The city police claims that the IT sector is the main target on the terror map, as any attack on it would affect the Indian economy.
M N Vidyashankar, Karnataka's secretary, IT, biotech and science and technology, said there is a need to set up more cyber crime police stations in the state to effectively tackle terrorism spreading through the Internet. At present, the state has just one cyber crime cell, and it has solved only 13 cases so far.
Vidyashankar also spoke about stepping up surveillance in cyber cafes across the state. He said cyber cafes will be asked to maintain registers and told to permit people to use them only after proper ID is established.
The IT Professionals Forum has requested the state government to enforce more stringent laws to prevent cyber crime and to educate the law enforcement wing with cyber crime skills and knowhow on how to check Internet fraud.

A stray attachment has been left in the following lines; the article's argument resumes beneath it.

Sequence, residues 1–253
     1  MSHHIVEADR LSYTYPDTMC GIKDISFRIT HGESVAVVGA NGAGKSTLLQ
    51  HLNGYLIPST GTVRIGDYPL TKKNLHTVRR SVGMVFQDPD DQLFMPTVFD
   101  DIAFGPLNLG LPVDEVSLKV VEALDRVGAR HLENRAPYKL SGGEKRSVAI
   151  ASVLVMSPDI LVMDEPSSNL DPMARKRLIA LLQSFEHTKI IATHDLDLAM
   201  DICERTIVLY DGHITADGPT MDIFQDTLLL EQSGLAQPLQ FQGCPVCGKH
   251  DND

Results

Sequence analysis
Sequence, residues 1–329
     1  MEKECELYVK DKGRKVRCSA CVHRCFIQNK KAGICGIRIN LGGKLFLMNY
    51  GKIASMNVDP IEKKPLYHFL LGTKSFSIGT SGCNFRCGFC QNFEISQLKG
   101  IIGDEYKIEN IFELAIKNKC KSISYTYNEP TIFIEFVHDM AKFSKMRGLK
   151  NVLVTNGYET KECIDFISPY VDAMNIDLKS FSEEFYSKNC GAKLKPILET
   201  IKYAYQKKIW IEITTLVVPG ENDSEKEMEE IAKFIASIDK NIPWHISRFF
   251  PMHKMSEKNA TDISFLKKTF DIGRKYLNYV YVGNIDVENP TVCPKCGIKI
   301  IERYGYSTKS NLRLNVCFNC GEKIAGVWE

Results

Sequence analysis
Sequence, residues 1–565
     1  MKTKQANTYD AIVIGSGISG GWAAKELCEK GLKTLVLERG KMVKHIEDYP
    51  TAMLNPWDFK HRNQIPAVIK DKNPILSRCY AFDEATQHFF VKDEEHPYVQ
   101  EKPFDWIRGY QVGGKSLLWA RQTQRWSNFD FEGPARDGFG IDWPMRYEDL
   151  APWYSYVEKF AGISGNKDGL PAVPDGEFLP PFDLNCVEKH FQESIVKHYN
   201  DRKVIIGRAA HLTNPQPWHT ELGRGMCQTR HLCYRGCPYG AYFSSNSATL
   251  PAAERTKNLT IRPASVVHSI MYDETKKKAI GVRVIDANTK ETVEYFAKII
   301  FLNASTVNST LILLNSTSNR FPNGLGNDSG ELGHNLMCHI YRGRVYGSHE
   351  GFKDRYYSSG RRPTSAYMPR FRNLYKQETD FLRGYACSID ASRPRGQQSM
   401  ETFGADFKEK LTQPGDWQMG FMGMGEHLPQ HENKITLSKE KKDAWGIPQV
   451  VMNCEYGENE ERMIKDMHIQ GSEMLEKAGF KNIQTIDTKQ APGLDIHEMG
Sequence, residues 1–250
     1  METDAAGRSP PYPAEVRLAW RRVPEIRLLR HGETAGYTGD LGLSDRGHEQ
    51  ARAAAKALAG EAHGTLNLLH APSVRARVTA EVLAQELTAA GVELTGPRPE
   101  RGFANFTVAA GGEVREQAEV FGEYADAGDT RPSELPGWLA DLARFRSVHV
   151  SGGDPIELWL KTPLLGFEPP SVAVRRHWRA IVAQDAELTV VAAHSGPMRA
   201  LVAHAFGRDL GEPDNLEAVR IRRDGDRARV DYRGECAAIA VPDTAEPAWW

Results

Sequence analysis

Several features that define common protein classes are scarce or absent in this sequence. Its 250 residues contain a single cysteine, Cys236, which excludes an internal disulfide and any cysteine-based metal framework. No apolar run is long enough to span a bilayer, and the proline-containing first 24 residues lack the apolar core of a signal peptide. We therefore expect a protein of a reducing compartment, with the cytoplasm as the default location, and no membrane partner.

Infosys CEO S 'Kris' Gopalkrishnan says his company is in regular touch with the state government regarding the terror scenario in Bangalore. Infosys has beefed up security to protect employees and clients.
Another demand being made by the IT sector in Bangalore is for cyber crime cases to be registered at all police stations in the state. Currently, regardless of where cyber crimes occur in Karnataka, complaints and cases can only be registered at Bangalore's cyber crimes cell.